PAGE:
The Frequency of Some Aspects of Mate Poaching and Their Relationships with Sociosexuality

Petra Grundler, Igor Kardum, Jasna Hudek-Knezevic

Abstract


The aim of this study was to examine gender differences in
attempts and successes of short-term poaching of someone
else's sexual partner, the frequency of being a target of short-
-term poaching and the success of one's own short-term
poaching attempts as well as the frequency of being a victim
of short-term poaching of one's own sexual partner.
Furthermore, the relationships between different aspects of
poaching experiences and sociosexuality in women and men
were also examined. The study was carried out on a sample
of 819 university students. The results showed that men
attempted to poach someone else's sexual partner for a
short-term relationship more often than women. A similar
number of women and men reported to be somewhat
successful when poaching someone else's partner, but
women more often than men reported to be quite successful.
Furthermore, a similar number of women and men reported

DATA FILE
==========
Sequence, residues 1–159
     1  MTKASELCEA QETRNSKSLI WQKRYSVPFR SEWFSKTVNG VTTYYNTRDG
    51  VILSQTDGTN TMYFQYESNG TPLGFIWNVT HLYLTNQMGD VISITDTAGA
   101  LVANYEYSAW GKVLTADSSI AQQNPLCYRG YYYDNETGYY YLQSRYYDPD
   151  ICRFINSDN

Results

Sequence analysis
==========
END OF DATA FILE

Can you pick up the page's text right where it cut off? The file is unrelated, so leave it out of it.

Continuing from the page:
that someone tried to poach them for a short-term
relationship. However, significantly more women reported to
be a frequent target of poaching, while men reported that
they were poached more easily than women. Women
reported to have been more often than men in a romantic
relationship and more often with a partner who had
attracted them while they had been in another relationship.
Sociosexuality is similarly related to different poaching
experiences in women and men, and more with poaching
attempts than with its success. The results obtained were
explained by evolutionary theories of reproductive behavior.


Keywords


poaching; short-term relationship; sociosexuality; evolutionary theory

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